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7. Normal costing system is the term used to describe a cost system that tracks actual direct materials and actual direct labor costs for each job, and charges manufacturing overhead to jobs using a predetermined overhead rate. A predetermined overhead rate is used for several reasons.  Actual overhead costs can fluctuate from month to month causing high amounts of overhead to be charged to jobs during high cost periods. Normal costing smoothes out these fluctuations.  Actual overhead cost data is typically only available at the end of the month, quarter, or year. Managers do not like to wait for this information to figure out the cost of jobs.  The price charged to customers is often established based on product cost. Managers want a way to estimate manufacturing overhead–a predetermined overhead rate provides the means to do this.  Bookkeeping is simplified. The accountant simply uses a predetermined rate to record manufacturing overhead costs. 8. The two important factors to consider when selecting an allocation base are that the base must have some link to overhead costs (that is, must drive overhead costs), and the base must be relatively easy to measure (for example, direct labor hours are easy to measure–simply use timesheets to track this data). 9. Actual manufacturing overhead costs incurred are recorded as a debit to the Manufacturing Overhead account. Manufacturing overhead applied to jobs is recorded as a credit to the Manufacturing Overhead account. The difference between the two amounts is called overapplied or underapplied overhead. 10. Manufacturing overhead is underapplied when overhead applied is less than actual overhead costs incurred, resulting in a debit balance in the Manufacturing Overhead account. Manufacturing overhead is overapplied when overhead applied is more than actual overhead costs incurred, resulting in a credit balance in the Manufacturing Overhead account. 11. The first option is to close the Manufacturing Overhead account to Cost of Goods Sold. This is appropriate when the balance is not significant (i.e., immaterial). The second option is to close the Manufacturing Overhead account to three different accounts–Work in Process Inventory, Finished Goods Inventory, and Cost of Goods Sold–in proportion to the account balances in each of these accounts. This is appropriate when the Manufacturing Overhead account balance is significant (i.e., material).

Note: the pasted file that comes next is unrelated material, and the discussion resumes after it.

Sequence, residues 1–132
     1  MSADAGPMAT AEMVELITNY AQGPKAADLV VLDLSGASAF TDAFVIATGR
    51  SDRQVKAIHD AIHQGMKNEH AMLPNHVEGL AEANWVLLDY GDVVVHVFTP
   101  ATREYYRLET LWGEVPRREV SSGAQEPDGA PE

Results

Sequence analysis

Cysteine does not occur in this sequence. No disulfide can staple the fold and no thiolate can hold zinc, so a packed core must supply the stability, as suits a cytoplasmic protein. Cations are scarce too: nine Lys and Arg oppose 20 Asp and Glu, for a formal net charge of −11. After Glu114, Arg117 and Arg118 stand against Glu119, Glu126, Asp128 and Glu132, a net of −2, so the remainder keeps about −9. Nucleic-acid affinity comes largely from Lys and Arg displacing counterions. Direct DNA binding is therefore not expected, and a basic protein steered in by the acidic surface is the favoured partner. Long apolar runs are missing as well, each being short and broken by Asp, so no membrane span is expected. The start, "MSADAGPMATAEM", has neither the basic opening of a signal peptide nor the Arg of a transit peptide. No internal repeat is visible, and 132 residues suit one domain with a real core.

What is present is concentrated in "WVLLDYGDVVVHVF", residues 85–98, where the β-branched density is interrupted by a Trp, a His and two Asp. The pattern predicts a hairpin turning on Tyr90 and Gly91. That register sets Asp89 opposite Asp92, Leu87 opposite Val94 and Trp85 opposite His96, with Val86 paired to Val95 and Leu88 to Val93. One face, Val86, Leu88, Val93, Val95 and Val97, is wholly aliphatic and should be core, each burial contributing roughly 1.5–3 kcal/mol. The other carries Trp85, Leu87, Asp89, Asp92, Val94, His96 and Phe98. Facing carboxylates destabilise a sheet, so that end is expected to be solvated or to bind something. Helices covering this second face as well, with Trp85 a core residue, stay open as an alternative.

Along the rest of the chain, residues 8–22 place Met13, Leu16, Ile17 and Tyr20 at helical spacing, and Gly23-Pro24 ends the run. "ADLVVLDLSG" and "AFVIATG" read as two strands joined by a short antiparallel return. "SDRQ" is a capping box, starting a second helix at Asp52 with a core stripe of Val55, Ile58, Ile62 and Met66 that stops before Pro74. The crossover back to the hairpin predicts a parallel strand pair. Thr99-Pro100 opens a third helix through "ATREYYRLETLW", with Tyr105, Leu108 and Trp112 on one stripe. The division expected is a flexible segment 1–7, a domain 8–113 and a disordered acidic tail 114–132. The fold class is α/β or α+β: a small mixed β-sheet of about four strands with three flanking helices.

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12. Although job costing systems in service organizations are similar to job costing systems used by manufacturing companies, differences are as follows:  Service organizations tend to use fewer materials.  Account names are slightly different–Raw Materials Inventory is called Parts Inventory or Supplies, Finished Goods Inventory is not applicable, Cost of Goods Sold is called Cost of Services, and Manufacturing Overhead is simply called Overhead.  Costs are often tracked by customer (or client) rather than by product. 13. It is important for movie studios to have cost information for each movie, because stakeholders (actors, directors, etc.) are often paid based on the profit derived from the movie. Cost information is necessary to calculate the profitability of each movie, so a job costing system is used to track this information. 14. A job costing system tracks actual direct materials, direct labor, and manufacturing overhead costs for each job. Deducting these actual production costs from sales revenue provides a profitability measure for each job. Management often compares actual profit to estimated profit for each job to assess whether profit goals were achieved.